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Research Article

Microencapsulated 3-Dimensional Sensor for the Measurement of Oxygen in Single Isolated Pancreatic Islets

  • Wanyu Chen equal contributor,

    equal contributor Contributed equally to this work with: Wanyu Chen, Mark Lisowski

    Affiliations: Department of Mechanical Engineering, University of Washington, Seattle, Washington, United States of America, School of Materials Science and Engineering, Wuhan University of Technology, Wuhan, China

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  • Mark Lisowski equal contributor,

    equal contributor Contributed equally to this work with: Wanyu Chen, Mark Lisowski

    Affiliation: Department of Medicine, University of Washington, Seattle, Washington, United States of America

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  • Gamal Khalil,

    Affiliation: Department of Aeronautics and Astronautics Department, University of Washington, Seattle, Washington, Unites States of America

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  • Ian R. Sweet mail,

    isweet@u.washington.edu

    Affiliation: Department of Medicine, University of Washington, Seattle, Washington, United States of America

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  • Amy Q. Shen

    Affiliation: Department of Mechanical Engineering, University of Washington, Seattle, Washington, United States of America

    X
  • Published: March 29, 2012
  • DOI: 10.1371/journal.pone.0033070

Abstract

Background

Oxygen consumption reflects multiple processes in pancreatic islets including mechanisms contributing to insulin secretion, oxidative stress and viability, providing an important readout in studies of islet function, islet viability and drug testing. Due to the scarcity, heterogeneity, and intrinsic kinetic properties of individual islets, it would be of great benefit to detect oxygen consumption by single islets. We present a novel method we have developed to image oxygen in single islets.

Methodology/Principal Findings

Using a microfluidics system, individual islets and a fluorescent oxygen-sensitive dye were encased within a thin alginate polymer layer. Insulin secretion by the encapsulated islets was normal. Fluorescent signal from the encased dye, detected using a standard inverted fluorescence microscope and digital camera, was stable and proportional to the amount of oxygen in the media. When integrated into a perifusion system, the sensing system detected changes in response to metabolic substrates, mitochondrial poisons, and induced-oscillations. Glucose responses averaged 30.1±7.1% of the response to a metabolic inhibitor (cyanide), increases were observed in all cases (n = 6), and the system was able to resolve changes in oxygen consumption that had a period greater than 0.5 minutes. The sensing system operated similarly from 2–48 hours following encapsulation, and viability and function of the islets were not significantly affected by the encapsulation process.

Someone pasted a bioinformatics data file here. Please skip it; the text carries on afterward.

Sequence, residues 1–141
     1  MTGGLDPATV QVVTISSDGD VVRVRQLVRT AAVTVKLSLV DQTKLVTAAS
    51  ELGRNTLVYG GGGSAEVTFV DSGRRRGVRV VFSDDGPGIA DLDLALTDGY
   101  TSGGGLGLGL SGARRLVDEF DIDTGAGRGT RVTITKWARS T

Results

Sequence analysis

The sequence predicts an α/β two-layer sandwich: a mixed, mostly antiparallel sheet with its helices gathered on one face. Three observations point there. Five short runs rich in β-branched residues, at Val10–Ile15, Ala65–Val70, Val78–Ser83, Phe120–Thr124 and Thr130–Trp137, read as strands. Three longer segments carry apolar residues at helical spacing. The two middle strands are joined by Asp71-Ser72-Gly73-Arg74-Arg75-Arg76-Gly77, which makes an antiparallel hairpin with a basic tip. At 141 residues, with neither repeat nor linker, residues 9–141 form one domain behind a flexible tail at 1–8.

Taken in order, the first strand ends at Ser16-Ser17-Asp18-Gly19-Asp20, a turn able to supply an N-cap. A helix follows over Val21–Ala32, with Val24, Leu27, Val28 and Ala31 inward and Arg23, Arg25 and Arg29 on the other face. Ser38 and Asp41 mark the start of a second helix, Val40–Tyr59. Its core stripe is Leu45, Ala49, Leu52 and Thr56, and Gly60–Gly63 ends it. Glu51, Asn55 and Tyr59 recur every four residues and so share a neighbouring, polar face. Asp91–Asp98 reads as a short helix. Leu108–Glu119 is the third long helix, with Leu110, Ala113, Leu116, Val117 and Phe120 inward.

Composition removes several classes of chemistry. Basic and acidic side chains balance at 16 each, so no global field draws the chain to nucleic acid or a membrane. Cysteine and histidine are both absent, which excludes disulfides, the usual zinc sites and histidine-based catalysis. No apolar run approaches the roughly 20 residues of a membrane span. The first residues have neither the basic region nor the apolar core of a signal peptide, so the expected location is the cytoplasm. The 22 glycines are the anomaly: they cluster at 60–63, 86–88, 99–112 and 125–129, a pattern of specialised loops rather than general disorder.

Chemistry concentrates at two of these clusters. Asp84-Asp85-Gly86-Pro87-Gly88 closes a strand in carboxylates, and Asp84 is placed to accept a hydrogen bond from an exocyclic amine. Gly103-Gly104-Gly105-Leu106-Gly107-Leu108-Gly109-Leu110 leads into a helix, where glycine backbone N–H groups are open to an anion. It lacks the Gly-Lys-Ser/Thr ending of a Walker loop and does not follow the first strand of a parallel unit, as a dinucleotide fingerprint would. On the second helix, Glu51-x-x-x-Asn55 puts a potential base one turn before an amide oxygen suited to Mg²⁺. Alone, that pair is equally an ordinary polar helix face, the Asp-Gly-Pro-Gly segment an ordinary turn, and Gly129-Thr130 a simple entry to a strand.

Conclusions/Significance

An oxygen-dependent dye situated around and within a pancreatic islet encapsulated by a thin layer of alginate was sensitive to changes in oxygen consumption, and was not harmful to the function or viability of islets over the course of two days. The microcapsule-based sensing method is particularly suited to assessing the effects of compounds (dose responses and time courses) and chronic changes occurring over the course of days. The approach should be applicable to other cell types and dyes sensitive to other biologically important molecules.

Introduction

Oxygen consumption rate (OCR) is a critical parameter to assess as part of investigations of islet physiology and viability. Oxygen is the final acceptor of electrons traversing the electron transport chain (ETC), and in islets oxygen utilization associated with the ETC represents most of the total cellular OCR [1], [2]. Since the rate of the ETC reflects cellular metabolism of nutrients, the ability to generate energy by the cell, and driving forces and signals for oxidative stress and apoptosis. OCR is a window into many aspects of cellular function. Islets in particular increase ATP production as part of the mechanism mediating the secretion of insulin. Accordingly, OCR has been used for islet quality assessment in islet transplantation [3], [4], tests of viability in the optimization of immunoisolation devices [5], [6], studies of beta cells during differentiation from stem cells [7], [8], and mechanistic studies of islet physiology [9], [10], [11].

Due to the importance of OCR for studies of cells of all types, there have been a number of approaches to its measurement. In general, these are broken down into two categories, flow and static systems. Use of flow systems involves measuring the difference between inflow and outflow oxygen content, whereas in the static systems the decrease in oxygen content in a closed chamber is measured over a period of time. Flow systems are able to resolve temporal changes in islet respiration in response to the presence or washout of effector agents. Two static systems that have been used for islet studies include mixed chambers that are equipped with a Clark oxygen electrode [12], [13] and multiwell plates containing an oxygen sensor at the bottom of each well (BD Oxygen Biosensor Systems [14] and Seahorse Bioscience XF Analyzers [15], [16]). A major feature of the plate-based systems is the facility to carry out multiple experiments in parallel.